Being a hospital network, for better or worse, our day to day operations often depend on a regular stream of communication and feedback from the Centers for Medicare and Medicaid Services (CMS).
Generally, even though the federal government is not known for their speed when doing much of anything, our communications with CMS often proceeded on a regular of enough schedule so as not to impact business operations.
That is until whispers of the potential for a government shutdown began to emerge in our conversations with CMS early last week. And even though they were mere rumors at the time, our team could begin to feel an appreciable change in the pace and tone of our communications almost immediately.
Those at CMS who had been there the longest began to take on the tone of doomsday preppers wondering if it would last as long as the infamous 1995 – 1996 shutdown, or if it would be more comparable to 2013. In either event, it was clear they were focused on buttoning down the hatches for the impending storm and had put many of their day to day tasks on the back-burner.
Frustrating as it may have been for our hospital, it was admittedly hard to blame the staff at CMS. The career civil servants we dealt with were concerned what would happen if they did not receive their next paycheck or were furloughed indefinitely, a very understandable worry. Yet we still had a hospital to run and we depended on our regular interactions for guidance.
To answer the obvious question, yes, CMS was committed to maintaining all “essential employees” for the duration of the shutdown, but it was clear the definition of essential was still a work in progress.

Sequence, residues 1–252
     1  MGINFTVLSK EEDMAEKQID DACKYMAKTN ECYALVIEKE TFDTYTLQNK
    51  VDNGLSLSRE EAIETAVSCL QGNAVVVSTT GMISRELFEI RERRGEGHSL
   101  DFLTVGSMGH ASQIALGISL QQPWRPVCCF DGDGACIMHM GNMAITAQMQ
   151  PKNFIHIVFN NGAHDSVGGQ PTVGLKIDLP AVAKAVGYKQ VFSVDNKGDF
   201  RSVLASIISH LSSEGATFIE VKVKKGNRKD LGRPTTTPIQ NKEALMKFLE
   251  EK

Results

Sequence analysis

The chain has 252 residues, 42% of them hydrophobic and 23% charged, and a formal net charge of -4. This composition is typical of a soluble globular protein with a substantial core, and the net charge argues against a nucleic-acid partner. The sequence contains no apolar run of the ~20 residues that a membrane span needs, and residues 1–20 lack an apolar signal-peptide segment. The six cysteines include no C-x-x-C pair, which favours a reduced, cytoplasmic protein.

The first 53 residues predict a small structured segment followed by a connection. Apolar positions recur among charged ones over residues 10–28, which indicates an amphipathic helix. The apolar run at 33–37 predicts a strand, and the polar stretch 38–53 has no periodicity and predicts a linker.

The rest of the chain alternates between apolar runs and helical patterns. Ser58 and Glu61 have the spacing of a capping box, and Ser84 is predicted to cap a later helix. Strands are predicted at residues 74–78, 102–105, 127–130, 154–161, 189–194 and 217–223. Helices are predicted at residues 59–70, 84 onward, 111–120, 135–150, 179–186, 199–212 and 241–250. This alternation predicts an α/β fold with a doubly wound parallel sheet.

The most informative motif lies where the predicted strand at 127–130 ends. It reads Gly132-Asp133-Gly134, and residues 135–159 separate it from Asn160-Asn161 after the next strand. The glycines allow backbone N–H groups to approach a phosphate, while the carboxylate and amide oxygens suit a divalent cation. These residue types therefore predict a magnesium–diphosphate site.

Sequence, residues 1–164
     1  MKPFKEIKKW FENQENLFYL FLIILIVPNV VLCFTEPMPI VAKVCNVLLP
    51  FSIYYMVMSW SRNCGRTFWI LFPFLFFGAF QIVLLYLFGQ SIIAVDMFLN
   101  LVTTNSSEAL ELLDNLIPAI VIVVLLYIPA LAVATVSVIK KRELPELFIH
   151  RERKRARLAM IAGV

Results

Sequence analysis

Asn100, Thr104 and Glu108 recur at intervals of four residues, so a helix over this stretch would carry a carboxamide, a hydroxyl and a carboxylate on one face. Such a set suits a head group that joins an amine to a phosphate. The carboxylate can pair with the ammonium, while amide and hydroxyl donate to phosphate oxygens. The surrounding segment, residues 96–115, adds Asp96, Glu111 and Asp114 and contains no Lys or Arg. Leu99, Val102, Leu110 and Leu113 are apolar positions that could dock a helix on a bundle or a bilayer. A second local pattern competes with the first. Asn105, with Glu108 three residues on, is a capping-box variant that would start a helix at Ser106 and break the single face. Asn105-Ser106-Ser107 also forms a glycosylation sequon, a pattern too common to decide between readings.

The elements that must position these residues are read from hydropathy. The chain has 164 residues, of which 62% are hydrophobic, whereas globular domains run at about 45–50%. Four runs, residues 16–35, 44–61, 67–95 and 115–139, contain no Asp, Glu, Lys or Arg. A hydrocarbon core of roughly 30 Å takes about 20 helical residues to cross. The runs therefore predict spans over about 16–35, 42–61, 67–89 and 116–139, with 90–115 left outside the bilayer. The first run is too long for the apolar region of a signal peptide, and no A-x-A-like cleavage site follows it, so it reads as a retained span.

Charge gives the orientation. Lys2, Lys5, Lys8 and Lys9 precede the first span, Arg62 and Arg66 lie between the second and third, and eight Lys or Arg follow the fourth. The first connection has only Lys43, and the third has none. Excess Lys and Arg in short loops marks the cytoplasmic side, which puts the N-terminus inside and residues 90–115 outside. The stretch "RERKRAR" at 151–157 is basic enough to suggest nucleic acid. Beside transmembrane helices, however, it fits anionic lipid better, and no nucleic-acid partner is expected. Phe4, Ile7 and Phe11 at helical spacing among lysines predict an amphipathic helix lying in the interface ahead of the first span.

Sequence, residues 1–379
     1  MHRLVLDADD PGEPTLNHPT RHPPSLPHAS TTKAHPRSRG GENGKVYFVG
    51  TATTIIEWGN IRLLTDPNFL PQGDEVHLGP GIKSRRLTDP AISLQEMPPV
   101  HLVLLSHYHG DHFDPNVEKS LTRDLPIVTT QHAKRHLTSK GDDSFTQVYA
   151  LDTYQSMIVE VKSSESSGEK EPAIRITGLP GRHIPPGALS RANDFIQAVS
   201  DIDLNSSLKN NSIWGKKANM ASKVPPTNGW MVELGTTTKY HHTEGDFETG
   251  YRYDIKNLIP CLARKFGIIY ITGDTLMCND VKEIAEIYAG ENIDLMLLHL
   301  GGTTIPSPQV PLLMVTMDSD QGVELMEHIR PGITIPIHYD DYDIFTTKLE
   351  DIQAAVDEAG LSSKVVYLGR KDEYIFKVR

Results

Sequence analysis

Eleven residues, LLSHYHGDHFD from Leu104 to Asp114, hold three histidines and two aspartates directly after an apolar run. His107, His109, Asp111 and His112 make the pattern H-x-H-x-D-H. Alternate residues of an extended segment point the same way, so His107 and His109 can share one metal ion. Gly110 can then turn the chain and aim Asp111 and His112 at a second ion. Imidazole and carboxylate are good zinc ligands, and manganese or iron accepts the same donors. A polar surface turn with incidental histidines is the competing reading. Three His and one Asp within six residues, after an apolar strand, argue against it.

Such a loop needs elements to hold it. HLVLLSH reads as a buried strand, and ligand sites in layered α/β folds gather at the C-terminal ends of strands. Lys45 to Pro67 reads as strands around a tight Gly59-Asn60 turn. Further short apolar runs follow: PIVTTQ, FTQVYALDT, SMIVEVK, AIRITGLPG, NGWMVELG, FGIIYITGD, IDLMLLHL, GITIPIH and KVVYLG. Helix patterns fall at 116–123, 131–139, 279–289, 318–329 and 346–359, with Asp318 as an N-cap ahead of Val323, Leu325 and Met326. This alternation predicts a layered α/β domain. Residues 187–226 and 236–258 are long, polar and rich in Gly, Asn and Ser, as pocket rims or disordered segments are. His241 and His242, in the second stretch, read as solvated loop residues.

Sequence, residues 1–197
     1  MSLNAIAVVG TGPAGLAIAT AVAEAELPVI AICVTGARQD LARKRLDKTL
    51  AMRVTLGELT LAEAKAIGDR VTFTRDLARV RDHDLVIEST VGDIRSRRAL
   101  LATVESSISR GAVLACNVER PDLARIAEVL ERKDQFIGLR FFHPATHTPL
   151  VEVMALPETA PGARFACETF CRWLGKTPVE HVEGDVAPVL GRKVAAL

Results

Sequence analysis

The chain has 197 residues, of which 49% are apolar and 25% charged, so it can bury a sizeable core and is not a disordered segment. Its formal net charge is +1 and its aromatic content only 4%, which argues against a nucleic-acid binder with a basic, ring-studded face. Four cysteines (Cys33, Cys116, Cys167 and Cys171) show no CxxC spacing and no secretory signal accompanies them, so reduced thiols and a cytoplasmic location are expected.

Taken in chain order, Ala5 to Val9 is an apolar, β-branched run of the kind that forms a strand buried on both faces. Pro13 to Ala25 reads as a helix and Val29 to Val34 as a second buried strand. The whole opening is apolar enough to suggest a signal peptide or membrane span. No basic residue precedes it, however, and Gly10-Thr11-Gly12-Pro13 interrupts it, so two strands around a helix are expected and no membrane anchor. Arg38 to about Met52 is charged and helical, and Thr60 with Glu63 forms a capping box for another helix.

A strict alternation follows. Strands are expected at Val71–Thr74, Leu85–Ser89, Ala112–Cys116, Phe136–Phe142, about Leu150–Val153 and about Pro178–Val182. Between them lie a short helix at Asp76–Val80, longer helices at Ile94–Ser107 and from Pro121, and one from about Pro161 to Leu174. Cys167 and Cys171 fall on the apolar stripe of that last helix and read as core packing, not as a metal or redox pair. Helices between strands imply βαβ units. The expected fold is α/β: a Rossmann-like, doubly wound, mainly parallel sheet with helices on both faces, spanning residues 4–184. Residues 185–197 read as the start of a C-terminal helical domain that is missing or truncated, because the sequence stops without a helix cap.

After several days of hearing from our CMS friends to prepare for the worst, I fully expected C-SPAN to go dark at 12:01 AM this past Saturday. Yet as midnight tolled, nothing changed. Even as the sun rose on Monday morning, our CMS partners were still at work, but preparing to send non-essential employees home at lunch.
However, before I could breathe a sigh of relief, I received an out-of-office reply to an e-mail I sent to one of our regular attorney counterparts at CMS informing me they were not in the office, nor checking e-mails, due to the shutdown. My subsequent e-mail to her boss was also met with a similar automatic reply.
Thankfully before full panic mode on my part could set-in, the Senate seemingly came to their senses and agreed to reopen the government. But while the great shutdown of 2018 will be counted in hours and not days, the impact of those hours are still being felt now several days later as CMS, and the rest of the federal government, continues to shake off the dust and return to normal operations.
While the actions of the federal government always make for an easy and ripe target, my narrow experience with CMS this past week did raise some very practical considerations for my hospital’s own operations.
What would happen if several members of my team were absent for more than a day? How would we function if we had to operate on with an unexpected reduction in revenue? Would we be able to sustain normal operations with only “essential employees,” whoever they may be?
As in-house attorneys faced with the mundane day to day legal questions, you may not think disaster management could possibly fall to you in the event of an emergency, but when the unexpected strikes, all bets are off.
In times of crisis, legal is often one of the first departments a company’s executive leadership turns to for guidance.
And while I sincerely hope disaster should never befall your organization, as demonstrated by this past week, a little forethought and preparation can save a great deal of worry and heartache in the long run.
Stephen R. Williams is in-house counsel with a multi-facility hospital network in the Midwest. His column focuses on a little talked about area of the in-house life, management. You can reach Stephen at email@example.com.Be Sociable, Share!